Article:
RSS Feed

Ministry in Capernaum: Mark 1:21-34

Posted by Gary Labels: , ,

They went into Capernaum. As soon as the Sabbath came, he went into the synagogue and taught. They were astonished at his manner of teaching, for he taught them with power, unlike the scribes. Suddenly, a man was possessed by an evil spirit in their synagogue! He shouted: "What the hell do you want with us, Jesus of Nazareth?! Have you come to destroy us?! We know who you are -- God's Holy One!"

Jesus rebuked it: "Be quiet and come out of him!" The evil spirit threw the man into convulsions, and then, with a very loud scream, it came out of the man. Everybody marveled and murmured among themselves: "What's this?! A new teaching with power? He even commands the evil spirits, and they obey him!" This rumor about him immediately spread everywhere in the entire area surrounding Galilee.

Just as they left the synagogue, he went to Simon and Andrew's house with Jacob and John. Simon's mother-in-law lay bedridden with a fever, and they immediately told him about her. So he approached her and took her hand. Immediately the fever left her, and she waited on them.

When evening came, when the sun had set, they brought to him all those who were afflicted or demon-possessed. The whole city was gathered at the door! He healed many, who had various illnesses, and he also cast out several demons. He didn't allow the demons to speak, because they knew him.

Translation Notes
1. "Manner of teaching" (v 22). While there is no "style of" or "approach to" there in Greek, I believe this is the idea referred to. Translating it as "teaching" would give readers the impression that the new thing is the content of his message. While that is unique, the focus of the passage is how he taught. If a straightforward reading of "teaching" gives the wrong impression, then it's better to insert words for clarity, IMO. I could be wrong.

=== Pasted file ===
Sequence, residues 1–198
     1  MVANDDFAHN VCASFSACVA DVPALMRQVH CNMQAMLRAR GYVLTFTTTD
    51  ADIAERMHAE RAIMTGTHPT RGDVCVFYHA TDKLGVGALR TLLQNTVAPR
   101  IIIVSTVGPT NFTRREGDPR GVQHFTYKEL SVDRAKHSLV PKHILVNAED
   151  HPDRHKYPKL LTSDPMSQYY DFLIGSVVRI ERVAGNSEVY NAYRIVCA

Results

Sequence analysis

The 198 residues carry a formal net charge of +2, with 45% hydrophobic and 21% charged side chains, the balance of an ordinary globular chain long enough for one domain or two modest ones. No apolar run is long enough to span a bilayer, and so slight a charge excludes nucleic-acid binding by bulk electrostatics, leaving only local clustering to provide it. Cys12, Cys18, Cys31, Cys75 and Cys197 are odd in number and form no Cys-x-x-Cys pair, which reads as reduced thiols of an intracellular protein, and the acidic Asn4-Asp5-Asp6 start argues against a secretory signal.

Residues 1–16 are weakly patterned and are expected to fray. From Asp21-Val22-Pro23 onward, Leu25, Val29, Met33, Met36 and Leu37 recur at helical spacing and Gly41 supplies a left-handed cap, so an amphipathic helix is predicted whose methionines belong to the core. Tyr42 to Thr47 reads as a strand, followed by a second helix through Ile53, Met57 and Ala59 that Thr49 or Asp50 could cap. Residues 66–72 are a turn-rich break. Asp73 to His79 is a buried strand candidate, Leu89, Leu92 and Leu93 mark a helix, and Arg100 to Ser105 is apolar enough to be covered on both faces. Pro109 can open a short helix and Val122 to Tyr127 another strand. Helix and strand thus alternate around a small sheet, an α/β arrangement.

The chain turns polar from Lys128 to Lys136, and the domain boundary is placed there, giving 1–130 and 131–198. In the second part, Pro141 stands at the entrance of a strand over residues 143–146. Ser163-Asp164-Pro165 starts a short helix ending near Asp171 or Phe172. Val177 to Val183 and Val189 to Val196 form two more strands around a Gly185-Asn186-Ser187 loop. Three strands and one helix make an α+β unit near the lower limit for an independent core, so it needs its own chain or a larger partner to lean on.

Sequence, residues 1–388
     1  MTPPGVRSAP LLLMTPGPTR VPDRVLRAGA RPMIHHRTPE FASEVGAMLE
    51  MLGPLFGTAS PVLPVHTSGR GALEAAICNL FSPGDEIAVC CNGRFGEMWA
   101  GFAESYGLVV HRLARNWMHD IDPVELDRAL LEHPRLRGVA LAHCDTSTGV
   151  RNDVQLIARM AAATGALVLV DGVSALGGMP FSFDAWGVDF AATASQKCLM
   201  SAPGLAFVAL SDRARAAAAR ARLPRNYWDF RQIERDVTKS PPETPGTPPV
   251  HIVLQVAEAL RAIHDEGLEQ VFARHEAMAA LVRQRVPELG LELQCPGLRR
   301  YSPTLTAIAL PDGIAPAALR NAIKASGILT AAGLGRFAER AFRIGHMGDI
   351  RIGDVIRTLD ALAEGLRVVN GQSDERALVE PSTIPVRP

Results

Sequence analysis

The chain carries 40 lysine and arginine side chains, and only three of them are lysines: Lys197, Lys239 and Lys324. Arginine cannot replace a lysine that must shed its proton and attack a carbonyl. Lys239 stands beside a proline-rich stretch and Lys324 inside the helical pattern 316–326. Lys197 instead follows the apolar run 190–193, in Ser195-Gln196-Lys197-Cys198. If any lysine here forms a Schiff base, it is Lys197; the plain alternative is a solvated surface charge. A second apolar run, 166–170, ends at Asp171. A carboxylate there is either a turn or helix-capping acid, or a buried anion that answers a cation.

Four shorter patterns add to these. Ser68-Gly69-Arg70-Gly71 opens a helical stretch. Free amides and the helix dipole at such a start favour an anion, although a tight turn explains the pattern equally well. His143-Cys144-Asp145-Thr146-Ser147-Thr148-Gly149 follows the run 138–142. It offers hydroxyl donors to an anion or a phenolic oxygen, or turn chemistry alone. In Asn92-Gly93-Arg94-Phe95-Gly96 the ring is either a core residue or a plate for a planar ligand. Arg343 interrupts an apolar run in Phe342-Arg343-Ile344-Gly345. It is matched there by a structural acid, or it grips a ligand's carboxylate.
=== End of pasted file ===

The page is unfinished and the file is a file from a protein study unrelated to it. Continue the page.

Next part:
2. "Power" (vv 22, 27). It's not that I think the more usual "authority" is inaccurate here. It's just that the idea is supernatural, miraculous authority. Since we aren't usually accustomed to the idea of miracles as having authority over something, I just think "power" sounds like more natural English.
3. Verse 23: I can't tell if Mark is saying that someone in the synagogue was suddenly possessed, or if someone already possessed just suddenly ran into the synagogue.
3. "Evil spirit" (vv 23, 26f). In Greek it's literally "unclean spirit(s)." I don't know enough about this issue to deviate from traditional translation here, though. I'd like to find an answer to why it's usually rendered "evil spirit."
4. As far as I can understand this Greek idiom, it seems that "what between you and me" is an expression of hostility or defensiveness. As it so happens, the best English equivalent has profanity in it. Should we be surprised that a demon would say that? I don't think so. I would render Jesus' response to Mary in John 2:4 differently, and that's another story.
5. "rumor spread" (v 28). "This report went out" just doesn't work. It's clearly word-of-mouth, informal spread of rumor rather than a spy's formal report. Oh, and rumors don't have to be false. The point is that Jesus became well-known among the populace by word of mouth.
6. "Bedridden" (v 30). It's clearly implied that she couldn't move around. Keep in mind that the English word bedridden doesn't necessarily mean you're in a bed. It just means you can't move around.
7. "She waited on them" (v 31). Mostly following NIV here. The idea is that she made them a meal and such, and so I could say "entertained them [as guests]" but I don't like brackets. Specifically, she made them dinner since it was nighttime, but since Mark isn't being that specific, neither will I.
8. "Demon-possessed" (v 32). Again following the NIV. I wonder if perhaps this includes not just outright possession but also lesser torments such as nightmares, etc. I don't know just how much of difficulty is linked with demonic activity, so it's hard to say.

With this section we see the continuation of spiritual warfare. Last time, Mark briefly mentions the temptation in the desert, where Jesus stands firm against Satan's attacks. Retreating with his tail between his legs, he sends his minions to harass Jesus while he teaches in the synagogue. Instead of trying to say that Jesus is not the Messiah, the demon tries to reveal Jesus. Since people don't yet understand that the Messiah is a passover lamb and not a Romans-conquering lion, this would be detrimental for Jesus' ministry.

But he keeps himself and the situation under control. There's no stopping the spread of his teaching of repentance, nor the powerful style of his teaching. The people are utterly astonished.